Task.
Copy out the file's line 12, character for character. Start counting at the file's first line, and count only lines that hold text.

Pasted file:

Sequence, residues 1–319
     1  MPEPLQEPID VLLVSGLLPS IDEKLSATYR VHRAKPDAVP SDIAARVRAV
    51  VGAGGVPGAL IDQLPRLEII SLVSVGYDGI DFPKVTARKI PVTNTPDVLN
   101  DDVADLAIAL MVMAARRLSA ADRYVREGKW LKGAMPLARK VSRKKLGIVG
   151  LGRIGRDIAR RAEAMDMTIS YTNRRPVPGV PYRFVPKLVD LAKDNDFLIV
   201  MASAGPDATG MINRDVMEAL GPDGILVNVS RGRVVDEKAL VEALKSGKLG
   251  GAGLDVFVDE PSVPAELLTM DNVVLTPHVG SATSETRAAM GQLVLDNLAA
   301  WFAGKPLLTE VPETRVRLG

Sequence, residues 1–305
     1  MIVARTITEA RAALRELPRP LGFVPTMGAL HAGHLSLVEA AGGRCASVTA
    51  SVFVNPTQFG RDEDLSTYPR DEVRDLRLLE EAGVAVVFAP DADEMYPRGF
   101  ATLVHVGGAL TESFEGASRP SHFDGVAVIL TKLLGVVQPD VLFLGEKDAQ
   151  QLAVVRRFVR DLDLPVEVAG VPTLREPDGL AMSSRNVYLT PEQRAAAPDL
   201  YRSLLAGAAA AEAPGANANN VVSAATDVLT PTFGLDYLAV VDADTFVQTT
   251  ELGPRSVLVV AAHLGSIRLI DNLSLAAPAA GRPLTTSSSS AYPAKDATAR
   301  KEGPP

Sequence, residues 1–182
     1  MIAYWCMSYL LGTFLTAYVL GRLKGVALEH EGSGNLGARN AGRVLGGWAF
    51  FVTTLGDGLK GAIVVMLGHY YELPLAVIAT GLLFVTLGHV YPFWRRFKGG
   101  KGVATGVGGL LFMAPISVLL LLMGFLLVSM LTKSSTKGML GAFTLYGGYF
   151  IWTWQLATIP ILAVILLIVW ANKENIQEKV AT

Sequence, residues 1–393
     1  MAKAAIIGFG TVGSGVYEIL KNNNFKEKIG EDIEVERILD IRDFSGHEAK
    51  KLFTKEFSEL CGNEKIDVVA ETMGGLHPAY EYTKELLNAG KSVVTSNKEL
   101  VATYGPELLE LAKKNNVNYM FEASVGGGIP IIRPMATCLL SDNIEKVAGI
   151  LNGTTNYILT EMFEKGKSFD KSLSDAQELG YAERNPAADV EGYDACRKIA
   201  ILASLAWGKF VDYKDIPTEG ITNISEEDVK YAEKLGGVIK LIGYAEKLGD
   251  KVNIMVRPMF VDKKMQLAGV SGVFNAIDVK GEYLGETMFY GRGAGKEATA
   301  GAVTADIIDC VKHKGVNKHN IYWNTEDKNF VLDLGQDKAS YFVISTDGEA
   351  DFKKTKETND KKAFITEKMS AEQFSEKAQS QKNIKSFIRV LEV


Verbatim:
   101  ATLVHVGGAL TESFEGASRP SHFDGVAVIL TKLLGVVQPD VLFLGEKDAQ